management best practice and training, on-going development of Group-wide process and training for contract risk management, and a review of the Group’s cyber security risks to the Group’s own systems and the Group’s key IT suppliers.

Principal risks and uncertainties

The most significant risks that the Board considers may affect our business (based on the risk evaluation process described above) are listed below. On the basis that the Board considers that the Group’s principal risks have not materially changed, the categories of risks listed below are similar to last year. The Group’s decentralised business model and geographical spread helps to mitigate the impact of each principal risk.

  • Project delivery
  • Contractual risk
  • Recruitment and retention of key staff
  • Health, safety and environment
  • Financial risk
  • Energy markets
  • Operating in emerging markets
  • Cyber security


On 29 March 2017, the United Kingdom invoked Article 50 of the Treaty on European Union (EU) which began the member state’s withdrawal, commonly known as Brexit, from the EU. The Board continues to monitor the progress of the UK’s proposed exit from the EU . In addition, and in view of the time scale, the Group has been assessing the implications and potential mitigating actions of a no -deal scenario.



Operations based in EU countries

Very low. 0.4% of Group turnover from businesses outside of the UK and based in the EU .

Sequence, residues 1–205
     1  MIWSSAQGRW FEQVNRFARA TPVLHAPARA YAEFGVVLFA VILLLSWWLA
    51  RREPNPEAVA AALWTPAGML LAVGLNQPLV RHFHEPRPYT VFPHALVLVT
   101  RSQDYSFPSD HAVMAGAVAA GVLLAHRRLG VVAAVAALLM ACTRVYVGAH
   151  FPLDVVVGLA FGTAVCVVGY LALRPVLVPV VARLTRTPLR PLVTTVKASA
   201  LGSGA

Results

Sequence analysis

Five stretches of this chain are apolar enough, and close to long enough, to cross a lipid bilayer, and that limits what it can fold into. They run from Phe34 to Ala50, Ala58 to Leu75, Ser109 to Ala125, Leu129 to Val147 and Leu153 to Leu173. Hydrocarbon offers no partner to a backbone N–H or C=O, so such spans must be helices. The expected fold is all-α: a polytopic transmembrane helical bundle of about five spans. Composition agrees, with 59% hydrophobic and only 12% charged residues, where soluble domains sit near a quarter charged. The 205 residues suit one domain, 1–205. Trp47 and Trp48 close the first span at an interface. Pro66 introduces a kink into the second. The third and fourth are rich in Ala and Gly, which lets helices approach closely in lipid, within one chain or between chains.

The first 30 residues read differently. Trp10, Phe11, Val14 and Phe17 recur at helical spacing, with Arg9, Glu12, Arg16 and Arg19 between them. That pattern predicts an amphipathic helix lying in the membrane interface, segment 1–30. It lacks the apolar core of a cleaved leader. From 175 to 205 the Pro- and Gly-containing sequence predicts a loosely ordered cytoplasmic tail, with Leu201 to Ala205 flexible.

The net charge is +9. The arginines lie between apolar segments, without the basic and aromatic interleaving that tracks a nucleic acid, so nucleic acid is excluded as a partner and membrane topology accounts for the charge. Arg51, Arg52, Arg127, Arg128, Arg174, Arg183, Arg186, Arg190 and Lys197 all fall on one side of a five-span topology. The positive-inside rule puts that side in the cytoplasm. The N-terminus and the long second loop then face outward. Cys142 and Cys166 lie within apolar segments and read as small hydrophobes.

Exports to customers based in the EU and the risk of tariffs on exports and the risk of delays in delivery due to logistical issues at ports or airports

Low risk. 6% of revenue is delivered to EU countries.

Imports from suppliers and the potential cost of
tariffs and logistical issues at ports and airports

Low – medium risk. Purchases from EU countries are not signifi cant. Purchases of spares and consumables in the Tankships division of c. £1m per annum may be impacted. Dry docking in that division may be carried out at EU shipyards and costs could increase by tariffs or if switched to other locations.

Administrative risks of compliance, certification, visas for EU nationals

Low risk. We anticipate a pragmatic solution even in the event of a no-deal Brexit, although time and
costs may increase.

Currency risk

Medium risk. The Group’s main exposure is to the USD and following the Brexit vote, Sterling sharply weakened against the USD. This has been beneficial to the Group’s sales and profits and there is a risk of this reversing after 29 March 2019. The Group reduces earnings volatility by taking out forward contracts for 40%-60% of its exposure and this partly mitigates the risk.

Availability of finance

Low risk. The ability of banks to provide finance and for the banking market to continue to operate in the same manner after 29 March 2019 is expected to be unchanged.

Contractual risk

Medium -high risk. James Fisher has a contract with the European Maritime Safety Agency (EMSA) to deliver emergency pollution response services should an accident occur in the UK, Irish or North-West European coast. EMSA, post-Brexit, may choose to use EU vessels or companies to provide this service.


List of principal risks and uncertainties, as included in the 2018 Annual Report and Accounts.